Wilson Turbinton was born in New Orleans in 1944 and raised in that city’s Calliope projects. His older brother Earl played the saxophone and by 1960 formed the Seminoles. The younger Turbinton had the good fortune of having as a music teacher the legendary Harold Battiste. History tells us that Battiste was an excellent judge of talent and when he saw it in Turbinton he added the young man to his AFO (All For One) Band. The band also included the New Orleans icon Ellis Marsalis on piano.
As a part of the arrangement with Battiste, Turbinton, by then Willie Tee, recorded for the AFO Records label. In 1962, Tee released his debut single for the label, “Always Accused.” It wasn’t a hit but it served to establish the blend of jazz and R&B that Tee would pursue for the balance of his long career. It wasn’t long before Tee left AFO. He played with a band called the Souls for a little while and then signed with the NOLA label. In 1965, Tee released his first single for NOLA and “Teasin’ You” became the label’s first hit. Somehow the local hit found its way to L.A. and the Righteous Brothers covered it on the Shindig! television show.
The success of “Teasin’ You” came to the attention of Atlantic Records and they made a deal to distribute the single nationally. With a B-side called “Walking Up a One Way Street” the single didn’t make much of a dent on the pop charts but it came very close to the Top 10 on the R&B chart. Tee’s next single for the label was “Thank You John” and it failed to chart at all but it became a classic in the canon of Carolina Beach Music and was covered by Alex Chilton.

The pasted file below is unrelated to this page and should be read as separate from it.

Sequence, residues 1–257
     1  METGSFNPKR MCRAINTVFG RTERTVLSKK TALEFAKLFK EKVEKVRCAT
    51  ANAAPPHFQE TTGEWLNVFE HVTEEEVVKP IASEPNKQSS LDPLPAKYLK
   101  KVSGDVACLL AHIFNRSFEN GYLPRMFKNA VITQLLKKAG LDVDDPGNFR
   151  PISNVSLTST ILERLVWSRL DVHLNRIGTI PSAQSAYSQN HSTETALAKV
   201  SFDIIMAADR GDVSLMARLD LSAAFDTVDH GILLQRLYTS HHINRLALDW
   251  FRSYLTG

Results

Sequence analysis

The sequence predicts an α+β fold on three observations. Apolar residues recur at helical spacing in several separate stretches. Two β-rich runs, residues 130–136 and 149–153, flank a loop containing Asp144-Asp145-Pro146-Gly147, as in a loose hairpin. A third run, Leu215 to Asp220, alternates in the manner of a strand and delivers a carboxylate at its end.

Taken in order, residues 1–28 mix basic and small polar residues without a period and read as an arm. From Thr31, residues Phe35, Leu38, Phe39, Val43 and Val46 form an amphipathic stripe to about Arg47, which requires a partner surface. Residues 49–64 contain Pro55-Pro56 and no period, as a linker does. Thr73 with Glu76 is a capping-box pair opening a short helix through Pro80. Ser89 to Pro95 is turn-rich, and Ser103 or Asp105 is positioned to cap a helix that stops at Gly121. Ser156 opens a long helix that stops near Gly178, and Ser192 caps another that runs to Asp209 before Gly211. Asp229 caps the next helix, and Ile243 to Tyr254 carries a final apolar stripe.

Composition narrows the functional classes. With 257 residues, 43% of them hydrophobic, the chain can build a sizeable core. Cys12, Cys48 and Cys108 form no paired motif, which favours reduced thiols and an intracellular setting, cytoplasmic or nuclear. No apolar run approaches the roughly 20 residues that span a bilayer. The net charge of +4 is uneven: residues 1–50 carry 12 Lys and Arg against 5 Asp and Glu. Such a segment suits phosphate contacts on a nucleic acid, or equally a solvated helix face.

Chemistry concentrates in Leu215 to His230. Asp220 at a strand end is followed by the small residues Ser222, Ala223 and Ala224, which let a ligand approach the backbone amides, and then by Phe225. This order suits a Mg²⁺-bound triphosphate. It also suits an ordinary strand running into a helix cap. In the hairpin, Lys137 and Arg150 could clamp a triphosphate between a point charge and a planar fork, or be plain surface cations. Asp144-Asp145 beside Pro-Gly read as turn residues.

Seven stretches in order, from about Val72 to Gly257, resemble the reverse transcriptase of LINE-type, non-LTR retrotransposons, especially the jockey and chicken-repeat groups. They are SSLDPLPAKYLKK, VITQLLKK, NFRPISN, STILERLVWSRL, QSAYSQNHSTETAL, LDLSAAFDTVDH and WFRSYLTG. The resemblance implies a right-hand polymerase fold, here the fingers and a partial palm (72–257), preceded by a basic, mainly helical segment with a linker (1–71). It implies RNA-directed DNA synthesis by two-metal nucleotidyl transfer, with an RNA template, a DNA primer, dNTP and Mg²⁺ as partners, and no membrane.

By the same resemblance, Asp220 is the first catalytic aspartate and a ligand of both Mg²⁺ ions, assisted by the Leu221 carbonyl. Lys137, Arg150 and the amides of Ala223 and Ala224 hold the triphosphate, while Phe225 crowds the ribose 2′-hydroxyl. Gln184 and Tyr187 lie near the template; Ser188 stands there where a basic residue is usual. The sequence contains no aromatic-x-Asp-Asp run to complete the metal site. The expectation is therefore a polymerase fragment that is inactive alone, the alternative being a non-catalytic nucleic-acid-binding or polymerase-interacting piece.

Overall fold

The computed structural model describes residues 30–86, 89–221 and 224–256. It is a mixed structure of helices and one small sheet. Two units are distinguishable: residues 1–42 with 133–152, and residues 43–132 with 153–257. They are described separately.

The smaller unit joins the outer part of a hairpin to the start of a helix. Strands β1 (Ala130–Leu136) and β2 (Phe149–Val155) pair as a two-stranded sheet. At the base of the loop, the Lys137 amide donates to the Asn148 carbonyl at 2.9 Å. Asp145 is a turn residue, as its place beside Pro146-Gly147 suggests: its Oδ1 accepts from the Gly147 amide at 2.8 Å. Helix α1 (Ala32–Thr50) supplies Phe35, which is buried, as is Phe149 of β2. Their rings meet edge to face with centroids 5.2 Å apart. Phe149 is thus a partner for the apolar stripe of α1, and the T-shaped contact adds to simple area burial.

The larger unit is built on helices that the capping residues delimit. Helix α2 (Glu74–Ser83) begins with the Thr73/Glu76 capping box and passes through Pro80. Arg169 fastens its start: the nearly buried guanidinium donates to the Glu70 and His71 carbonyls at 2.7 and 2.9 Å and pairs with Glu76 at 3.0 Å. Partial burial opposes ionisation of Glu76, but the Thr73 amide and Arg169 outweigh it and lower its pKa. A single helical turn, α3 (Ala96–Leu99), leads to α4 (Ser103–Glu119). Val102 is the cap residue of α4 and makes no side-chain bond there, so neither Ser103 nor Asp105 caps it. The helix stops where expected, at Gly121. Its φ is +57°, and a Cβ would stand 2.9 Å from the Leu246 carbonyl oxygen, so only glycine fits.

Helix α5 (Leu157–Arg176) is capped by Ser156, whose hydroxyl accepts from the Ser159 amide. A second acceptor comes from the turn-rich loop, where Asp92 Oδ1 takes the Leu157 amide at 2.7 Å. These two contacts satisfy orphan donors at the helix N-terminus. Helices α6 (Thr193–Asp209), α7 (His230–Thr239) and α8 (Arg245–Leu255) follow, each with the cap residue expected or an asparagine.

Atlantic gave up on Tee after his next single, “I Want Somebody (To Show Me the Way Back Home),” also failed to chart. Tee returned to NOLA Records and released “Please Don’t Go” on the label’s Hot-Line imprint but neither that single or the follow-up, “Ain’t That True Baby” managed any charged success. By 1968, NOLA was out of business and Tee was on his own once again.
Tee hadn’t found much success as a recording artist so he turned to production. He worked with Margie Joseph on her 1969 Volt Records classic “One More Chance.” Tee’s piano playing eventually came to the attention of Cannonball Adderly who helped Tee to get a deal with Capitol Records. There, in 1970, he released his first album I’m Only a Man. But success as a recording artist continued to be elusive for Tee and his time with Capitol was short.
Tee then re-formed a band he had been in earlier with his cousin Ulis Gaines. Gatur released the ballad “The Man That I Am” and followed that with the funky singles “Your Love and My Love Together” and “Swivel Your Hips” that pointed to a new direction for Tee. In 1973, the Wild Magnolias Mardi Gras Indian Band enlisted Tee to put together a backing group for an album they were recording. He brought his older brother Earl and guitarist Snooks Eaglin and composed all of the music incorporating elements of funk and Afro-Cuban music and rearranging some New Orleans classics. The resulting album became one of the most beloved albums in Crescent City music history. The album was noted for spreading the Native American Mardi Gras culture to a worldwide audience.
In 1976, Tee decided to try his hand as a solo artist again. He signed with United Artists and released his second album, Anticipation. It was the last album he would ever make for a major label but he continued to play the clubs with Gatur. In 1988, Tee and his brother Earl made a jazz album for Rounder called The Turbintons. Eventually, Tee became a favorite on the Northern Soul scene in England and his music was sampled by hip-hop artists like Sean “Puffy” Combs and the Geto Boys.
Willie Tee passed away in 2007.